S&P 500 tech stocks have now fallen for 9 days in a row. The last time tech stocks declined for so many days in a row was in 2012, and that was the only other time in history when we have seen such a long losing streak. As I have stated before, the post-election “Trump rally” is officially done, and the market is starting to roll over as investors begin to realize that all of the buying momentum has completely evaporated. Tech stocks tend to be particularly volatile, and so the fact that they are starting to lead the way down should definitely be alarming to many in the investing community.
Of course it isn’t just tech stocks that are falling. The Dow was down another 59 points on Wednesday, and the S&P 500 has closed beneath its 50 day moving average for the very first time since the election. For those that have been waiting for a key technical signal before getting out of the market, there is one for you.
Despite a small beat in MoM data (-1.5% vs -1.9% exp), US factory orders plunged 5.6% YoY – the worst drop since September 2015. This extends the period of annual contraction to 20 months – a record streak of declines in US history and one which has always, without exception, coincided with recession…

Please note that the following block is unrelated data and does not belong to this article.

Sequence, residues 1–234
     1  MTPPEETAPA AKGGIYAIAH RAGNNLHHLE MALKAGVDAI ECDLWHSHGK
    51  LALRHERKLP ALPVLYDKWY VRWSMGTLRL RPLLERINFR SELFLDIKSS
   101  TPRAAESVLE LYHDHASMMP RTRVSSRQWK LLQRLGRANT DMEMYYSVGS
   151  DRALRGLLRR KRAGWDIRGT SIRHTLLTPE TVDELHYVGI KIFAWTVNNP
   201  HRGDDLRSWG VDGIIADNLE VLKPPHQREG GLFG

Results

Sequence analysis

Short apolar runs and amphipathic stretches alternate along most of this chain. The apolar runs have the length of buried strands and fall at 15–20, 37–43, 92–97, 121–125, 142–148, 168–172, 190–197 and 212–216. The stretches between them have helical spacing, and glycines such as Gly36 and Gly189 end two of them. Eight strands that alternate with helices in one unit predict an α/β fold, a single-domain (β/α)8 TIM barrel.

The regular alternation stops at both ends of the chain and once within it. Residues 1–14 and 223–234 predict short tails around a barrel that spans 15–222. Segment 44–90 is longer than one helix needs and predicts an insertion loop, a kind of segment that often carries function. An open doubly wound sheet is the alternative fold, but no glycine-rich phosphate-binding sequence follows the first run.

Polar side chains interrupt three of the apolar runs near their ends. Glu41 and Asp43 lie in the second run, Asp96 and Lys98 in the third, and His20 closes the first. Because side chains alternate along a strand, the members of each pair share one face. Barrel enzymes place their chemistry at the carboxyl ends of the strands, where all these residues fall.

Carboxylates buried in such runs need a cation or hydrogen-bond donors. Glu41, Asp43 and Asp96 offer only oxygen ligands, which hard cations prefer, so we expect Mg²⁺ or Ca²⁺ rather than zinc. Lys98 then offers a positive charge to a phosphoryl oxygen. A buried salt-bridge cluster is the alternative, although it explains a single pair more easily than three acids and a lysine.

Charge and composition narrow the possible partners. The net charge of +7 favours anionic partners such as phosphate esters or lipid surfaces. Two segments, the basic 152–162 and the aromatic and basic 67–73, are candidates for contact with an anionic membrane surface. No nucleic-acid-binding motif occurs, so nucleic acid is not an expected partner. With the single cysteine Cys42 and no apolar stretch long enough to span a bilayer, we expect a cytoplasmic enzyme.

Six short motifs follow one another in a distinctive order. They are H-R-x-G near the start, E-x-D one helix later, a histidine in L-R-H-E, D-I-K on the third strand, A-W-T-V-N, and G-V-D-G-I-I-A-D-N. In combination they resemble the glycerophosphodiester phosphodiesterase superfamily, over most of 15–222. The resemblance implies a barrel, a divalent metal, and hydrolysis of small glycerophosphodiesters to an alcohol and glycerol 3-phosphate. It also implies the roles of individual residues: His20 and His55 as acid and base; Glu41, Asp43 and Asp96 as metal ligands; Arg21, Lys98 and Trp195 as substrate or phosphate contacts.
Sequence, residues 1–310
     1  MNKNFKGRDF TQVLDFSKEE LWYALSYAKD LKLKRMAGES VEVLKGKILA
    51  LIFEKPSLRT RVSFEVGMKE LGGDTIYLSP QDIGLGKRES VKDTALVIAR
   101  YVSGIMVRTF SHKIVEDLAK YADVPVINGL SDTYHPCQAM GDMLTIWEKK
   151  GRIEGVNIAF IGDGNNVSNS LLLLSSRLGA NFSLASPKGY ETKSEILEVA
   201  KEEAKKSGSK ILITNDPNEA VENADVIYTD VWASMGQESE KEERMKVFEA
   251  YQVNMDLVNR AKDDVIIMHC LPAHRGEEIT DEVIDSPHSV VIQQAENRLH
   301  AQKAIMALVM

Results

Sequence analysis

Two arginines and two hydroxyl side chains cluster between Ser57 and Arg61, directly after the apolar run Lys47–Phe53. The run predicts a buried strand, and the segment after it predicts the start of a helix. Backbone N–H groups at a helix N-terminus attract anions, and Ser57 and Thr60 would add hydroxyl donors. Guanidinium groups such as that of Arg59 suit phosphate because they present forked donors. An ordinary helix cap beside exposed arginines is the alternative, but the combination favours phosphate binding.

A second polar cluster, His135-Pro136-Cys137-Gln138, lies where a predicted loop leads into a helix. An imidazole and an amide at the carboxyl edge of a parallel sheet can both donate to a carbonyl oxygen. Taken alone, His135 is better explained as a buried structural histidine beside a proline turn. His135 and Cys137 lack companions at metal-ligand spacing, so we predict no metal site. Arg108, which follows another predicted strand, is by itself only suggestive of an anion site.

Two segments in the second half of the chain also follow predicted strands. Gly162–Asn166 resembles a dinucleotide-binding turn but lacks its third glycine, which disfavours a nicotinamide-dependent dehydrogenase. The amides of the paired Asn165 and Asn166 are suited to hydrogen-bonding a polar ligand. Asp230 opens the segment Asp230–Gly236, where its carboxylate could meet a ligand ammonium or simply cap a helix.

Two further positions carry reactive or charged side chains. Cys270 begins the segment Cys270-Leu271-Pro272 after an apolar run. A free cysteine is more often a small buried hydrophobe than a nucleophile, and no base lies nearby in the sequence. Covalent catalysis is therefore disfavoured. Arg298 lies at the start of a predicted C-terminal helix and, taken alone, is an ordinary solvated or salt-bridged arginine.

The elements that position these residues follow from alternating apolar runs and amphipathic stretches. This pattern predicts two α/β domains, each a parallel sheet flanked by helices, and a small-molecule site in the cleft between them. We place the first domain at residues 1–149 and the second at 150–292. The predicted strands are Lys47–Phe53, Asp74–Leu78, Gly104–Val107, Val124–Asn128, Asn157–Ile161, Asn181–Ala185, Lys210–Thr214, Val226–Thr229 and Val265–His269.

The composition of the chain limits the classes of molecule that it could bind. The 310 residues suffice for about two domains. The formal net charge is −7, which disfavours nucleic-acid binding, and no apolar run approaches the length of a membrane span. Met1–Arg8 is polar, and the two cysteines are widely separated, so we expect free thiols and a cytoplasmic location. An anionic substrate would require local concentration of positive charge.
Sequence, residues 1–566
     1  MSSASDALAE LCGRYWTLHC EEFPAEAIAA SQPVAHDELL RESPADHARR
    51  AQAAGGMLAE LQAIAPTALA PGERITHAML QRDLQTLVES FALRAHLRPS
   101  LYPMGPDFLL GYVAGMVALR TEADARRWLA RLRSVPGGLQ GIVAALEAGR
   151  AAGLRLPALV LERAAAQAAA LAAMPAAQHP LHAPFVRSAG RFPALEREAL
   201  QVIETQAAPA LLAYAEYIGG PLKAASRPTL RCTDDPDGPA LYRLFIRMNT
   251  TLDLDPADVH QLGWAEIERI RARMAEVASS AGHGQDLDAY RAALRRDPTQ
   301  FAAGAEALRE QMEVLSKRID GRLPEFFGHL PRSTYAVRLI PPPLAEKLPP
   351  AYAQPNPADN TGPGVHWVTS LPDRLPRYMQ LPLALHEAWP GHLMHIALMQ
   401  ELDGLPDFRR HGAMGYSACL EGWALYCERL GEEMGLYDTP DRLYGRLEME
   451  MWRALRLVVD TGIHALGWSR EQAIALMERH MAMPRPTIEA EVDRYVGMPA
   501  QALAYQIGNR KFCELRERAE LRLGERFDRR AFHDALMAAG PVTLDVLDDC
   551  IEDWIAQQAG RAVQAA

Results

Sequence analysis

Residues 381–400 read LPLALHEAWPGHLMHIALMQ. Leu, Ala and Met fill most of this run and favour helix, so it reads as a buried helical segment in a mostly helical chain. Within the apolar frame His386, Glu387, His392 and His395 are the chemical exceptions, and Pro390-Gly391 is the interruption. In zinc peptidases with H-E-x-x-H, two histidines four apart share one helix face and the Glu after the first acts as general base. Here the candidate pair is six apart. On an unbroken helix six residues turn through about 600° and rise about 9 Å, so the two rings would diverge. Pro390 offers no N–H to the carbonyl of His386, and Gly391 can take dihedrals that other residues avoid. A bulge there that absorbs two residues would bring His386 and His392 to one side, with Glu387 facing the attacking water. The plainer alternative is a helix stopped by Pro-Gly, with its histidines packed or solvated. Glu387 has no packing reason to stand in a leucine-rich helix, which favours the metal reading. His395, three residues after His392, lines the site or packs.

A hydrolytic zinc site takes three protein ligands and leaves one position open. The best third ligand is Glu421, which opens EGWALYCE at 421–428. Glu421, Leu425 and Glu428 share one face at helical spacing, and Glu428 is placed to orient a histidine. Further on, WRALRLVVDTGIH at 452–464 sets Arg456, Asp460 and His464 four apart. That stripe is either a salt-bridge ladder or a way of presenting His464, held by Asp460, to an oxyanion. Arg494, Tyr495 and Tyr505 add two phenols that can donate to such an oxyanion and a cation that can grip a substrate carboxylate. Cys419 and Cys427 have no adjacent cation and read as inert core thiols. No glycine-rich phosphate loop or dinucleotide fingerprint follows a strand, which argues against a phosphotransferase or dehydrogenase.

The big drop was driven by a plunge in non-defense aircraft and parts… (even with a surge in car orders)
It’s probably nothing though…
Sorry but seriously!!
The average forward price-earnings ratio for the Energy sector has been 15.8x.
At the current 97x forward P/E, S&P Energy stocks trade 20 standard deviations rich to history!!
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– S&P 500 Breaks Below 2,000, Crashes Into Red Year-Over-Year (ZeroHedge, Aug 21, 2015):
The S&P 500 index has broken below the crucial psychological 2,000 level for the first time since late January. This is the biggest collapse in stocks since June 2013 (bigger than October’s plunge – which was only rescued by Bullard’s threat of QE4). What is perhaps most worrisome for the trend-followers – the S&P is now down year-over-year for the first time since May 2012… which once again brought The Fed out with moar QE.
The S&P 500 has broken below the crucial 2,000 level…
And The S&P 500 is now down YoY for the first time since May 2012…
– S&P 500 Tumbles Into Red For 2015, Breaks Below Key Technical Support (ZeroHedge, Aug 7, 2015):
The S&P 500, having broken below its 200-day moving average again, has joined The Dow Transports, Dow Industrials, and Russell 2000 (small caps) in negative territory year-to-date…
– 30Y Treasury Yield Plunges To 3-Month Lows As S&P Breaks Key Technical Support (ZeroHedge, Aug 3, 2015):